Attack At Mosque In Kabul During Friday Prayer Leaves Four Dead, Including Prayer Leader

An attack on a Kabul mosque has left at least four people, including the mullah, dead.

Attack At Mosque In Kabul During Friday Prayer Leaves Four Dead, Including Prayer Leader

An attack on a Kabul mosque has left at least four people, including the mullah, dead.

By

Ali M Latifi
Photo - Rahmat Gul/AP Photo

Kabul, Afghanistan  – An attack on a Kabul mosque has left at least four people, including the mullah, dead.

The bombing in the Shir Shah Shoori mosque took place amid the communal Friday prayer service. The explosion in West Kabul comes 10 days after a bombing in another well-known mosque in downtown Kabul and killed two people, including the mullah who was also the host of a popular religious Television program. In an online statement, the Taliban have condemned the latest mosque attack. The armed group claims that both of the attacks were orchestrated by “by a number of national security-linked individuals in collaboration with ISIS.”

“Such systematic killings have begun taking place as the Afghan people have started taking steps towards peace,” Zabihullah Mujahid, a Taliban spokesman, said in the statement. Last week, Afghan President Ashraf Ghani said his government is prepared to begin face-to-face peace talks with the Taliban within the next week.

The Taliban and Daesh have been at odds with one another since forces claiming allegiance to the so-called Islamic State first appeared in Afghanistan in 2014. 

Both incidents have incited anger and fear among Kabul residents, who continue to question how such high-profile houses of worship have been infiltrated by armed men. Because of its size and capacity, the Shir Shah Soori mosque — one of the few mosques in the city to have a proper women’s section — is often used for funeral prayer services, including those of high-profile officials and their families.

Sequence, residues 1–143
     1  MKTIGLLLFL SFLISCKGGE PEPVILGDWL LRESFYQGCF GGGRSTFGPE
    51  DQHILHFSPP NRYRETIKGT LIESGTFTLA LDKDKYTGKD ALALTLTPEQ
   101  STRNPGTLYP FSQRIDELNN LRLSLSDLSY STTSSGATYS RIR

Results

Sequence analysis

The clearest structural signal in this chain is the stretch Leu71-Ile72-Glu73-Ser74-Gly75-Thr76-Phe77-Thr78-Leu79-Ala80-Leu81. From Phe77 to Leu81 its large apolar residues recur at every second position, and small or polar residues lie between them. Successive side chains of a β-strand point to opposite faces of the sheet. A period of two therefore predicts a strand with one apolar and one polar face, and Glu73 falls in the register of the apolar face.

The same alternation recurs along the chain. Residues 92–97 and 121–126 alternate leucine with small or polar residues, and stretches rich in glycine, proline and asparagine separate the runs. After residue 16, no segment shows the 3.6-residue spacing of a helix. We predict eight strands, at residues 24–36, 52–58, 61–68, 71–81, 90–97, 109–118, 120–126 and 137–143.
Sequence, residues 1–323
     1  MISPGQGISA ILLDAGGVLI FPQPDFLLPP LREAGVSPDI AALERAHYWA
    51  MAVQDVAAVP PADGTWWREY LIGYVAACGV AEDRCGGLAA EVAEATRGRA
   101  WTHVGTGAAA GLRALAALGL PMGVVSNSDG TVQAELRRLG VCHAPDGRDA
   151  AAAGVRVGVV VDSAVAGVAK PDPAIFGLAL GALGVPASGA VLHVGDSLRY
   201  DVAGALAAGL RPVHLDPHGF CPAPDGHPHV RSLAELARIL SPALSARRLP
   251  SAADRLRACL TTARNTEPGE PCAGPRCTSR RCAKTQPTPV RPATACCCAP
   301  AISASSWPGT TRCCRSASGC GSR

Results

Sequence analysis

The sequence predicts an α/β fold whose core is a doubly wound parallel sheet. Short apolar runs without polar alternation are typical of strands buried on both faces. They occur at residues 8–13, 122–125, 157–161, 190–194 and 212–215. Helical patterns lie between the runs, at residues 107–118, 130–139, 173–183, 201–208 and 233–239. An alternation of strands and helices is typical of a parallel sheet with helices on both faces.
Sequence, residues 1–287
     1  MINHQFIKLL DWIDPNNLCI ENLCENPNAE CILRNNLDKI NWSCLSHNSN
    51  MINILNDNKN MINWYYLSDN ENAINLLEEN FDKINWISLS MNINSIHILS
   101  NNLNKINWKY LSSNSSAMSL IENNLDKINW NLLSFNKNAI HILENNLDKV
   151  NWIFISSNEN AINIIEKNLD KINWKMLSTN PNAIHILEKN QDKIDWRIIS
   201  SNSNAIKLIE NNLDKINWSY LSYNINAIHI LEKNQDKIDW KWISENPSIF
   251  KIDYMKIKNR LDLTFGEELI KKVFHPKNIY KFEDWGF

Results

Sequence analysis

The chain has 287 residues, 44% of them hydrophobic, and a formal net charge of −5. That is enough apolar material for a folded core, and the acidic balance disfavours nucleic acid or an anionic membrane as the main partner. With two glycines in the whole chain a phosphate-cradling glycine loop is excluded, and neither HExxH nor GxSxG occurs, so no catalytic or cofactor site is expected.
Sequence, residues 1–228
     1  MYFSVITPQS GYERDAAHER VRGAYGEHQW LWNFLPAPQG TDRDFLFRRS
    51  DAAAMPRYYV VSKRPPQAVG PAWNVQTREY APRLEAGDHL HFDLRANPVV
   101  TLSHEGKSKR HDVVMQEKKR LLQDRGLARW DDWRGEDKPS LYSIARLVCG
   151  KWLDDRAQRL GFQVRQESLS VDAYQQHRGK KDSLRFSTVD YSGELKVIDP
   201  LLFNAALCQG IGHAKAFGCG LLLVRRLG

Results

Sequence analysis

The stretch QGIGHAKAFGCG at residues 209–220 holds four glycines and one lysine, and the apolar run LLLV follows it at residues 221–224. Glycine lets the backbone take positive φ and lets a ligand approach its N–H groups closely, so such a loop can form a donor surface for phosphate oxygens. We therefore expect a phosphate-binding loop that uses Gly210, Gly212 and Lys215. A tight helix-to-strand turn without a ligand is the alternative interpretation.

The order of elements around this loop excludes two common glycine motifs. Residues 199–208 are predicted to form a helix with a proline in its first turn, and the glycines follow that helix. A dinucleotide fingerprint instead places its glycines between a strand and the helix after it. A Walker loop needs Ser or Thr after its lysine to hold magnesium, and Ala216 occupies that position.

Residents say the relatively low casualty figures were due to the fact that fewer people were attending Friday services due to the coronavirus (COVID-19) pandemic. Afghanistan was one of the few Muslim-majority nations where mosques have remained open amid COVID-19 related shut downs of urban centers. 

The last month has seen several brutal attacks targeting civilians in Kabul and the Eastern province of Nangarhar. In recent weeks everywhere from a maternity clinic to a funeral procession and mosques have come under attack. Nearly all of those killings were attributed to the so-called Islamic State group.

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Afghans Angered As Refugees Were ‘Burnt To Death’ In Iran

The deaths of three Afghan refugees in a car blaze in Iran have prompted an outpouring of anger in Afghanistan, after reports that the vehicle caught fire after it was shot at by Iranian police.

Afghans Angered As Refugees Were ‘Burnt To Death’ In Iran

The deaths of three Afghan refugees in a car blaze in Iran have prompted an outpouring of anger in Afghanistan, after reports that the vehicle caught fire after it was shot at by Iranian police.

By

Mohamed Alagteaa
Screen grab from a video of the incident.

June 8, 2020  Outrage spewed online after a video went viral of a car set ablaze in Iran’s central Yazd province, with Afghan refugees on board.

Three of the refugees were killed and four injured, according to a statement made by Afghanistan’s foreign ministry on Friday, adding that the ministry “considers the incident to be very unfortunate and calls for a serious investigation.” The vehicle allegedly caught on fire after it was shot at by Iranian police. 

Local media reports said police in Yazd province confirmed that the car was targeted by security forces after it did not stop at a checkpoint.

Disturbing footage shows one of the survivors, a young boy who has suffered burns, walking and asking for water.  His words have been turned into the hashtag #کمی_آب_بیار_که_سوختم which translates to ‘Give me some water I’m burning.’

The incident garnered widespread attention on social media with users drawing comparisons to the murder of George Floyd at the hands of US police in Minneapolis. The hashtag  #AfghanLivesMatter was trending on Twitter, with people highlighting the mistreatment of Afghans in Iran.

The Ambassador of the Islamic Republic of Afghanistan in Tehran, Abdul Ghafoor Lewal, has subsequently met with survivors and Yazd province government officials, to discuss the tragic incident.

The incident comes at a time of strained diplomatic relations t between Kabul and Tehran, after Afghan officials accused Iranian border guards of torturing and drowning dozens of Afghan migrants, with more than 30 people thought to be dead.

Iran currently denies the allegations, with both countries agreeing to jointly investigate the matter at a later time.

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